Tess Posner, Managing Director of TechHire for Opportunity@Work, Kim R. Ford, Deputy Assistant Secretary for Planning and Management, Carmen Drummond, Chief of Staff, Johan Uvin, Acting Assistant Secretary at the U.S. Department of Education, and Yolanda Townsend, Senior Vice-President and General Counsel for Opportunity@Work take a moment to celebrate the agreement between the U.S. Department of Education and Opportunity@Work to support TechHire and other communities interested in using demand-side approaches to get more Americans to work.

“If employers want to solve the skills gap, the solution is to hire for skills mastery rather than resume history.” — Byron Auguste, CEO and Co-Founder, Opportunity@Work

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Call to Action: Make Disability Visible in Everything We Do

Today, July 26, is the anniversary of the signing in 1990 of the Americans with Disabilities Act. In recognition of the spirit of the Act, we are pleased to recommit to the important work of making our programs inclusive and accessible to all.

Disability is part of the human experience, and one of the variables that contribute to the rich diversity of our nation.  Disability is not a static condition—people can experience a disability from birth, or develop a disability as a result of genetics, aging, or trauma.  Disability does not discriminate—anyone can acquire a disability, at any time.  Individuals with disabilities are neighbors, teachers, community leaders, and parents. They are workers, managers, corporate CEOs, and healthcare providers. Individuals with disabilities can and do participate in all realms of work, and their strong participation is vital to our economic growth.

According to the American Community Survey, in 2014, the resident population in the United States was estimated to be approximately 319.9 million individuals; and of this, approximately 31.9 million individuals have some kind of disability, including both apparent and non-apparent disabilities. Yet individuals with disabilities still face barriers to full, family-sustaining employment.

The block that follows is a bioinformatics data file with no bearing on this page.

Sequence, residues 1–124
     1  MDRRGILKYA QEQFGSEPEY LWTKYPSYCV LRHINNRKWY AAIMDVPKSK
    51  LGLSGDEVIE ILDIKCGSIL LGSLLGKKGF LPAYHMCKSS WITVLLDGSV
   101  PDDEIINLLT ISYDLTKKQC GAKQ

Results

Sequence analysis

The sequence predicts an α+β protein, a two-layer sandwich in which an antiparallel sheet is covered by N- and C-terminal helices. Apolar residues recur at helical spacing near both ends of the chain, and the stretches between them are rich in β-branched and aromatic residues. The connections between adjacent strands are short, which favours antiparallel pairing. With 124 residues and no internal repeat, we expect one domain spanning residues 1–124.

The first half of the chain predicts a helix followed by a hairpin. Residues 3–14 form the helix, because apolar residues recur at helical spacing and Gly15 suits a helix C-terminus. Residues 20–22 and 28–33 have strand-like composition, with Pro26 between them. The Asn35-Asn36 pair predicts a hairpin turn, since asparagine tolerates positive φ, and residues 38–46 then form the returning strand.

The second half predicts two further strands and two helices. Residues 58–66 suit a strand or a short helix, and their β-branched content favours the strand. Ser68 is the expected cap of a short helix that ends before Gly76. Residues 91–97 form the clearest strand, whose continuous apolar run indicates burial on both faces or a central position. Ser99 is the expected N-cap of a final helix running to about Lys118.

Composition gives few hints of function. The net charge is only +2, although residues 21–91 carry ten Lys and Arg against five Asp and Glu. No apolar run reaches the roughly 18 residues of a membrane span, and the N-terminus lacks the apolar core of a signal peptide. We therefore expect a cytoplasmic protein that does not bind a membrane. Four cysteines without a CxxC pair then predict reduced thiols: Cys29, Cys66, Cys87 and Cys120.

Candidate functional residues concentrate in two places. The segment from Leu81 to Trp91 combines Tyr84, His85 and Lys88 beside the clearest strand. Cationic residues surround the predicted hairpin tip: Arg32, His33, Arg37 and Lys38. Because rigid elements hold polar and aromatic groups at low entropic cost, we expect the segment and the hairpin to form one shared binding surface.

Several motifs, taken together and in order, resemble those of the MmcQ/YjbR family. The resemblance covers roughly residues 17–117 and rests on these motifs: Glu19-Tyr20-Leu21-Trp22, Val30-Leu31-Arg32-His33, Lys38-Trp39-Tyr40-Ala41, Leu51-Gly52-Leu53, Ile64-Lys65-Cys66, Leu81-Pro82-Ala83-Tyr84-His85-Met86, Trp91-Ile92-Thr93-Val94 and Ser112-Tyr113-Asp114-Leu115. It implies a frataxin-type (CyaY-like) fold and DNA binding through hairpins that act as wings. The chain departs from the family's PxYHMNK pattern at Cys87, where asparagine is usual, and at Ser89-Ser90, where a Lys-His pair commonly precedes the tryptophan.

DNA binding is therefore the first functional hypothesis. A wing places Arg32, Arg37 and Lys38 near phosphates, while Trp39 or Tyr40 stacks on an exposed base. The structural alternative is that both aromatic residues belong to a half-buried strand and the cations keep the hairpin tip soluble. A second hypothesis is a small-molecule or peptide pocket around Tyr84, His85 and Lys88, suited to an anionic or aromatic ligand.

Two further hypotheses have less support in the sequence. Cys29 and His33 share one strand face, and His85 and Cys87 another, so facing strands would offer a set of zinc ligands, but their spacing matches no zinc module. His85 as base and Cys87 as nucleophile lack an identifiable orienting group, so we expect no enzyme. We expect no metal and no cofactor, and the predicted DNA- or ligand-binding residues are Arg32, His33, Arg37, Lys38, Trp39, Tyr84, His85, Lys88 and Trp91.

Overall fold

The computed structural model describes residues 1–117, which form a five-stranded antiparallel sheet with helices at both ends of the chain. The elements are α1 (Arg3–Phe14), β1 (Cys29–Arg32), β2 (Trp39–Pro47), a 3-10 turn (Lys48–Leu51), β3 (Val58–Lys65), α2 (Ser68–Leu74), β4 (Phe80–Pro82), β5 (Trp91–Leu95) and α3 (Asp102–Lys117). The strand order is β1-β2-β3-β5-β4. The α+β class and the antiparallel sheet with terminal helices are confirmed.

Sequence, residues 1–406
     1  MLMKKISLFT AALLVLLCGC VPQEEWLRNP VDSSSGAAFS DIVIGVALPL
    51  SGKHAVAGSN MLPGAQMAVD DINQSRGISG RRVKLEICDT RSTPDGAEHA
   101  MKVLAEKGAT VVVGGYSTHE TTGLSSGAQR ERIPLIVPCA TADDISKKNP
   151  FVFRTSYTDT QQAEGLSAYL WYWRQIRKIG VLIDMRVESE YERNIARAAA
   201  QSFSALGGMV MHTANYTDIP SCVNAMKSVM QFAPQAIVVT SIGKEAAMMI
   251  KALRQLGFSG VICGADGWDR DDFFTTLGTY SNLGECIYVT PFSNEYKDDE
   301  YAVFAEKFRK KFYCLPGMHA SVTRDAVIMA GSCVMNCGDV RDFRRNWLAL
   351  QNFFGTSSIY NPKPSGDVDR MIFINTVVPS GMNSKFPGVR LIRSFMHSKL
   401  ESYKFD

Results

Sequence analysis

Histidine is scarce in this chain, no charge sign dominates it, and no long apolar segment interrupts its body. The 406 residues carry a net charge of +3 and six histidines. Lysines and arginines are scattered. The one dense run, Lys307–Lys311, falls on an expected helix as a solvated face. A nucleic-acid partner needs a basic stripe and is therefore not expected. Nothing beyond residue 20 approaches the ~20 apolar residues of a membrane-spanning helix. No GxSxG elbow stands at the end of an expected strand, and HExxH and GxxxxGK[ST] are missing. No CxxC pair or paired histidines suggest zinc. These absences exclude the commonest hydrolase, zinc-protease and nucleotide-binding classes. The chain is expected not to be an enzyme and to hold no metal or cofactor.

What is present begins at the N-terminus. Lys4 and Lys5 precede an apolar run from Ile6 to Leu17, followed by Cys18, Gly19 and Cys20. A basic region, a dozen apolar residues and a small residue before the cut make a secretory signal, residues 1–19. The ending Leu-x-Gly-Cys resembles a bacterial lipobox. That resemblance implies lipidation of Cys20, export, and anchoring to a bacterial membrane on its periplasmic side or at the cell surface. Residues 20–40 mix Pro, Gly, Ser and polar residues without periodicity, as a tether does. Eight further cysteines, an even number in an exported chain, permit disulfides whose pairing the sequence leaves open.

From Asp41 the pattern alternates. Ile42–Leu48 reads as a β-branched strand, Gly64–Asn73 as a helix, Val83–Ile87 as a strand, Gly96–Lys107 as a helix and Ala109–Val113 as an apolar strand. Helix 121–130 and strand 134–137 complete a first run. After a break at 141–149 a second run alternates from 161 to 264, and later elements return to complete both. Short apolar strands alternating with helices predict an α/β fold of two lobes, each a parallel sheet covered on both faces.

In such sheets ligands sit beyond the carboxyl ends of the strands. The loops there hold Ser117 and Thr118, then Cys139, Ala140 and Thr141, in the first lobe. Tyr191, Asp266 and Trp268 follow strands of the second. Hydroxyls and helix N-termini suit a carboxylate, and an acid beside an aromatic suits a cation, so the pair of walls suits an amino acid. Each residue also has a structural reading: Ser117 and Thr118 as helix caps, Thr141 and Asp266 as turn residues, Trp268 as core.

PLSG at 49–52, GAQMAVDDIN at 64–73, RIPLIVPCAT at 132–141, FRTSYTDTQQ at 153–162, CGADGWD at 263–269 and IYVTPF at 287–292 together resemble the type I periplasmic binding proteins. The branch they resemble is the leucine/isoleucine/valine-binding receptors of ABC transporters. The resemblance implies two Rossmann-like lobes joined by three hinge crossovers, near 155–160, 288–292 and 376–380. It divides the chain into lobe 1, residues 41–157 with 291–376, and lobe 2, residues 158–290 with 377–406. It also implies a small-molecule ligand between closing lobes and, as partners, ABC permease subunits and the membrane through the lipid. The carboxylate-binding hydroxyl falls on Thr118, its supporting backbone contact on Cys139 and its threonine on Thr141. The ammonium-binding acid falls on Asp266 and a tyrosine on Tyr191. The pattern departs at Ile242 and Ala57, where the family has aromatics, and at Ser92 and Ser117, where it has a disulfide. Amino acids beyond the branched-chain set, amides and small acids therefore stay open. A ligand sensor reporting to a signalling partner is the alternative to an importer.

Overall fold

On June 21, 2016, the Bureau of Labor Statistics released the Persons with a Disability: Labor Force Characteristics. The data on persons with a disability are collected as part of the Current Population Survey (CPS), a monthly sample survey of about 60,000 households that provides statistics on employment and unemployment in the United States.  Based on this report, in 2015, 17.5 percent of persons with a disability were employed. The unemployment rate for persons with a disability was 10.7 percent in 2015, compared to 5.1 percent for those without a disability. Some key findings (and where to find them in the report) include:

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Janet Terry: A Workforce Development Success Story

Watch this video with U.S. Secretary of Education John King and U.S. Secretary of Labor Tom Perez highlighting a success story resulting from local, state, and federal agencies collaborating under one roof. Janet’s story is an inspirational example of how adults can benefit from coordinated workforce development services.

Image of Janet Terry, smiling, with the Pittsburg waterfront in the background

Janet Terry, winner of the Pennsylvania Governor’s Achievement Award for the Outstanding Senior Community Service Employment Program Participant.

Read the full story posted by our partners in the Office of Special Education and Rehabilitative Services.

Strengthening the Link Between Upskill America and WIOA

Last month, we celebrated the one-year anniversary of Upskill America. There was a lot to celebrate. The employers who made commitments last year at the Upskill America Summit created training for approximately 200,000 frontline workers that could lead to higher-skill jobs. Over 10,000 workers have earned degrees and credentials, and nearly 5,000 workers have already been promoted into higher-paying positions. Over the same period, 532,150 frontline workers participated in adult education programs funded by Title II of WIOA to strengthen their math, reading, writing, or English skills.

This is great progress. An analysis of recent data on frontline workers, however, shows we must do more. See a fact sheet created by OCTAE for the 2016 Upskill celebration, based on the updated Survey of Adult Skills data. The good news is that WIOA creates opportunities to further extend upskilling efforts for the benefit of America’s workforce.

Let’s look at the data first. There are between 20 and 24 million workers who lack foundation skills for getting ahead, with literacy proficiency below Level 2 on the Survey of Adult Skills. Who are they and where do they work?

  • 60% hold one or more jobs in the following industries: retail, health, hospitality/food, manufacturing, and construction

    A circle graph depicts the race and ethinicity of low-skilled frontline workers as listed in the text; a bar chart shows the first language of frontline workers is English (58.2%), Spanish (33.6%) and Other (8.2).

    Low-skilled frontline workers have different backgrounds and have different language proficiencies and needs.